When I choose to be very clear within myself about categorizing
wrong behaviour as wrong; when I instead focus on accepting a situation I have now power to change; I can find a way towards healing and recovery.

There are other questions that I sometimes ponder:
  • What other influences were in her life to teach her this type of behavior?
  • When and where was she exposed to this estrangement concept?
  • Who taught her this style of conflict resolution?
  • Where is this type of action against family found to be acceptable?

However as more and more time passes I realize; not only do I have no answers but that answers no longer really matter. The answers to those questions are her burdens to bear at some future time.  We all sooner or later come face to face with past choices that we made.  

I truly believe that is the nature of Karma, when at some future time we have to face the consequences of our past choices.  My beloved daughter will some day have to face the choice she made to destroy her family.  That will be a difficult time for her and I feel compassion for what she will have to experience in that moment of confrontation with her past.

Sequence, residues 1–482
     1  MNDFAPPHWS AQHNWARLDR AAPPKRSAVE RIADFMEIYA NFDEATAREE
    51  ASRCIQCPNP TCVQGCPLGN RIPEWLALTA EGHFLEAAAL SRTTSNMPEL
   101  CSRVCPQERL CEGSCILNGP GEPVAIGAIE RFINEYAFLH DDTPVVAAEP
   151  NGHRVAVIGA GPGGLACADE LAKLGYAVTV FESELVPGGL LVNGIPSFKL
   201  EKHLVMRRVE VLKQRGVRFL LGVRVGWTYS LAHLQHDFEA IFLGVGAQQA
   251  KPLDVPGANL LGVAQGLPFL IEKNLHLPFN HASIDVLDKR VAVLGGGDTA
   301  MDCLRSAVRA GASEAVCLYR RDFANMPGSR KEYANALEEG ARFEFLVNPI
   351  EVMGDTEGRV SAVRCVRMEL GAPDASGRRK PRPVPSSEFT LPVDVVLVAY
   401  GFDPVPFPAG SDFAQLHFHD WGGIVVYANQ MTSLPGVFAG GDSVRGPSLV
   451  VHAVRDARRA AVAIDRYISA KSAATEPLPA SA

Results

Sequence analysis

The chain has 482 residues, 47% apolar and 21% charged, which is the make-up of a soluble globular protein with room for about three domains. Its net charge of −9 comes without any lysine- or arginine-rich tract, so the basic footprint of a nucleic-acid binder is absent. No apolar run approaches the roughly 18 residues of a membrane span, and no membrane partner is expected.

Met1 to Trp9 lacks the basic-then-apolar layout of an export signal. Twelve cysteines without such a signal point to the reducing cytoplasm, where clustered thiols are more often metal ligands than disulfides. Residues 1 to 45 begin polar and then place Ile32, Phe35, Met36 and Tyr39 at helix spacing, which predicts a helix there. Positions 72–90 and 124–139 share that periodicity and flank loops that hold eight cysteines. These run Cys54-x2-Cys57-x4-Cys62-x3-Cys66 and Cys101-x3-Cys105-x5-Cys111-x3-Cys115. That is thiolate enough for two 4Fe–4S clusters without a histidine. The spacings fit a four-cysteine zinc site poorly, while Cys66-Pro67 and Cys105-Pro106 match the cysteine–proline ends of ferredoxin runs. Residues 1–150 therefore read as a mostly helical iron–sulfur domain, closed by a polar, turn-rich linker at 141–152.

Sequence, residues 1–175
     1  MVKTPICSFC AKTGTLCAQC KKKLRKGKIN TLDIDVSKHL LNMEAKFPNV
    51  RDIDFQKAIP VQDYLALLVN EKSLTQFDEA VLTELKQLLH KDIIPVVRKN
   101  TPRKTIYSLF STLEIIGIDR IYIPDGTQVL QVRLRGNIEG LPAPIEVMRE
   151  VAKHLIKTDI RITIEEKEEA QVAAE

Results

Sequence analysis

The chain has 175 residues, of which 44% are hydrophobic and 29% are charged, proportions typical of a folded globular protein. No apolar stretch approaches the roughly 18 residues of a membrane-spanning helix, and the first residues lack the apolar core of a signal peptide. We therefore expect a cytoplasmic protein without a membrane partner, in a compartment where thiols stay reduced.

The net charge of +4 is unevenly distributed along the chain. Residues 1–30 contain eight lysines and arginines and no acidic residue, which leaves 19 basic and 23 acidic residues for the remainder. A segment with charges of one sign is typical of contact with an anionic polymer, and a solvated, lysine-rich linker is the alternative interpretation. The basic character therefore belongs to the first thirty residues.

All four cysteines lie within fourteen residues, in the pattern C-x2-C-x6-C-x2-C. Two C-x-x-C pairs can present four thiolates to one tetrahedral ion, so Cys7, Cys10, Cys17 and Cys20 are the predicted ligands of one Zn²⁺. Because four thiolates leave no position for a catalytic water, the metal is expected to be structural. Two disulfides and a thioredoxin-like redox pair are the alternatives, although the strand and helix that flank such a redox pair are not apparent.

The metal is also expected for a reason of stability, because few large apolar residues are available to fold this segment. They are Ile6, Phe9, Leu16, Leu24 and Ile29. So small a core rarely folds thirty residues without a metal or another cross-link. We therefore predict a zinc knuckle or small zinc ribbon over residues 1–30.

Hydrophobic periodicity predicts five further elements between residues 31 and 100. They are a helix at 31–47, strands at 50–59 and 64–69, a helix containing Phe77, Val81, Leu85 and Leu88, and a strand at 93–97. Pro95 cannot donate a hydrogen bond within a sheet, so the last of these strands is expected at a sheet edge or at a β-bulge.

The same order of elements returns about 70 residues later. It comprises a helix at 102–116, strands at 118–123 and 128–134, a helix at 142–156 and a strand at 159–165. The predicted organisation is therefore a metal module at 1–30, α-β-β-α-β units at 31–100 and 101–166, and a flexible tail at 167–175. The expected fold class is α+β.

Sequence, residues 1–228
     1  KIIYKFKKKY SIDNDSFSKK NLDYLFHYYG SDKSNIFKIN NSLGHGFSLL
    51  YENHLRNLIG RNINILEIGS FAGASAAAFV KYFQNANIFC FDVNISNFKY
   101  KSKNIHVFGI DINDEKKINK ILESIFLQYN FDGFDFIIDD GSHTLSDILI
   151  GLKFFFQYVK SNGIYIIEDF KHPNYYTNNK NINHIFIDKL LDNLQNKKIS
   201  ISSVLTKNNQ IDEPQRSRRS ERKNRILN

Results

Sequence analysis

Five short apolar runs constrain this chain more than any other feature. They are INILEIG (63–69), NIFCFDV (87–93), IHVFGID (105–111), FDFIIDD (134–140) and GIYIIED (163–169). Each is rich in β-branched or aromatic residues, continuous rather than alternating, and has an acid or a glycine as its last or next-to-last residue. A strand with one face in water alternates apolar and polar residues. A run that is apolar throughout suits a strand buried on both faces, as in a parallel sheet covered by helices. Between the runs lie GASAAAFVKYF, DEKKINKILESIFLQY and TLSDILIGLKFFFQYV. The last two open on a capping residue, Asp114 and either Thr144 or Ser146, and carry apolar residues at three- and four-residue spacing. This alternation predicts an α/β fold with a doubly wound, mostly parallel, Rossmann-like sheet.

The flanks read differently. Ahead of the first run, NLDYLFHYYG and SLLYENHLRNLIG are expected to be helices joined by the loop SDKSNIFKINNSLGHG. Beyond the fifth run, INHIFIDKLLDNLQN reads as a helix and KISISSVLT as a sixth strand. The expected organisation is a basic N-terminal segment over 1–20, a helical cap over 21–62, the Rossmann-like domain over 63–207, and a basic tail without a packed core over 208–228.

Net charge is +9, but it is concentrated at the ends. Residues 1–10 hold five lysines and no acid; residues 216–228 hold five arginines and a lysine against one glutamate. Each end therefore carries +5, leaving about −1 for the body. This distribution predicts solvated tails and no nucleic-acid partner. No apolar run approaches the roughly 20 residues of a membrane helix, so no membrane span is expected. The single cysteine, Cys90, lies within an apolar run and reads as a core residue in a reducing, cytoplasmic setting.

Renate Dundys Marrello
updated 2016 - 11 - 04 

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  1. It was like those words came out of my own mouth. That's exactly what my daughter are doing to me. For over 5 years now. And it rips me apart.

  2. It's been four years for me and my daughter. This Christmas was the worst one yet. Renate, thank God I only have one, I can't imagine two treating me that. God bless you with these prayers I'm sending you.

  3. It's been well over 10 year for me and the third one has started. This is not a reflection on you, it's a reflection on them. We all have a choice and this is the choice they made. Their loss. And your kidding yourselves if you think all the other relationships in their life are hunky dory. They're not. Enjoy you life. Forget your kids. You raised them and did the best you good with what you had. I was an incredible mother but I was a single mother. But they are not in the right mindset to reconcile but forgive them and move on. Ther is a whole life out there. Plenty of parents had kids they didn't like. Pray for them and be done.

  4. What other influences were in their lives to teach them this type of behavior? The culture for one. For me it was ex-husband and MY family who alienated them against me. There's personality disorders of a selfish nature. But make no mistake you kids capitalized on this.
    When were they exposed to this estrangement concept? That is a personal question but you must make your kids responsible for their behavior. It is not ok or good parenting to allow yourself to be treated that way.